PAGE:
Posted 20 August 2010 - 09:28 AM
Posted 20 August 2010 - 11:01 AM
It's actually much easier that it reads to be when you do this on a small scale, and we are not making casting slip. You can dry out your trimmings and save them to use, or process some of your clay in a blender, with water, and judge the consistency by eye as you adjust. The sodium silicate is probably the hardest part.
I have also used casting slip I purchased in a one gallon jug. If you buy it, make sure it is for the firing Cone you use.
Posted 20 August 2010 - 11:23 AM
I agree with the above potters, to use the clay which you use to make your work. The advantages are that it is readily available, and will not present problems with shrinkage/fit.
I like to throw using a clay grogged with a 40 mesh mullite. I tried using it as a slip to brush over pots so that I would get a smoother surface to burnish. The grog presented a problem, as now seems obvious, it was never going to give me the smooth surface I wanted.
So I started to dry out my clay completely, slake it and then put the "slip" through a 100 mesh sieve, and I now get what I call "psuedo-sig," as it is so silky and smooth, and gives me a great surface.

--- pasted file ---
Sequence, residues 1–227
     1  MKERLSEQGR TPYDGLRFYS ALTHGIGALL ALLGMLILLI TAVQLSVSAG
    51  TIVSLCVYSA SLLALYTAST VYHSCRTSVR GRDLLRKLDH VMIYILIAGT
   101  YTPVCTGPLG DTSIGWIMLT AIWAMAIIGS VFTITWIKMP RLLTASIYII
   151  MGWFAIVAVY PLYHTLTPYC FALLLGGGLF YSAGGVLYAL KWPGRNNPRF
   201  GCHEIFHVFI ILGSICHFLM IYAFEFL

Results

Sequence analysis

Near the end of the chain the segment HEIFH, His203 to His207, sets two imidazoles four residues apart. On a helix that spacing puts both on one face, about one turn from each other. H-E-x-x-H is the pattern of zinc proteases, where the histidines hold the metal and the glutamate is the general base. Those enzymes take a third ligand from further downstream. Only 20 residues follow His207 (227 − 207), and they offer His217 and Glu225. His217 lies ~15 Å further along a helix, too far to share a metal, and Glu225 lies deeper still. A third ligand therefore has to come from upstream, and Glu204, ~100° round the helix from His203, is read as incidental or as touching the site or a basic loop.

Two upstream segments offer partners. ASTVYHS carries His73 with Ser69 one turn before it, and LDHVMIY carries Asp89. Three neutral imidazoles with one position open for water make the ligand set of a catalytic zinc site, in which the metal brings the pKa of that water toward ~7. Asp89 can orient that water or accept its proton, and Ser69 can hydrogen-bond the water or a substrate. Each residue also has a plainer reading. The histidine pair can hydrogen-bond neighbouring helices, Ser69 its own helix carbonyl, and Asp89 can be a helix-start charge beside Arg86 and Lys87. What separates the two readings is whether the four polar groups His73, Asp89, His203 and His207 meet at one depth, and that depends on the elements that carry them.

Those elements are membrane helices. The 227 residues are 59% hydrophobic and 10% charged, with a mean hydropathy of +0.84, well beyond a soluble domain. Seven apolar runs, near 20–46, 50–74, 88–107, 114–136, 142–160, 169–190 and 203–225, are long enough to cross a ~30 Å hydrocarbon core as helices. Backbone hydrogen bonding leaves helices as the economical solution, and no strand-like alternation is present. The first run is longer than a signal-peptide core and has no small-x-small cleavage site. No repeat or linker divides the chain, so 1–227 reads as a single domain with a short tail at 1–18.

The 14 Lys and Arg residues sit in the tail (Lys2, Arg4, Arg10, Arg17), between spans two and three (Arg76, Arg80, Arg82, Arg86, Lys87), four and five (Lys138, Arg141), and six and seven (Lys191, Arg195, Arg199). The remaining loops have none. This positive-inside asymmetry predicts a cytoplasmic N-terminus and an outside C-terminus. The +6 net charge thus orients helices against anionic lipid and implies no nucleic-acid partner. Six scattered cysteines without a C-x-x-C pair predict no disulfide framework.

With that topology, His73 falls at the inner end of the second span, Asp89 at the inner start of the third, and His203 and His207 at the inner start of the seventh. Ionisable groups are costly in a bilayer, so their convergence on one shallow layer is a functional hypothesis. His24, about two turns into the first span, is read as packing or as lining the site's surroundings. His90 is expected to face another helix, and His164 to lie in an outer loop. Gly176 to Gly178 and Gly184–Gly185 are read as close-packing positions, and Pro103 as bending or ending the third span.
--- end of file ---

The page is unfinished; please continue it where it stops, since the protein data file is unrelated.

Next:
So almost any clay can give you good slip, if you prep it right, I guess.
Posted 20 August 2010 - 04:03 PM
Posted 21 August 2010 - 10:28 AM
I crush the clay by putting it in a coffee can with 1-2" pieces of scrap steel pipe, then I shake it and roll it around for a while. I just keep adding dry clay as I take out the fine dust for screening. It is a little slow (but I'm in Uvalde, what else is there to do) the remaining clay dust if very fine. I have a set for each kind of clay I use. I recommend wearing a dust mask. Great tip using TSP- Thanks
Posted 21 August 2010 - 02:43 PM
Sieving after mixing also eliminates the need for multiple sieves; you just wash your sieve and you're set.
0 user(s) are reading this topic
0 members, 0 guests, 0 anonymous users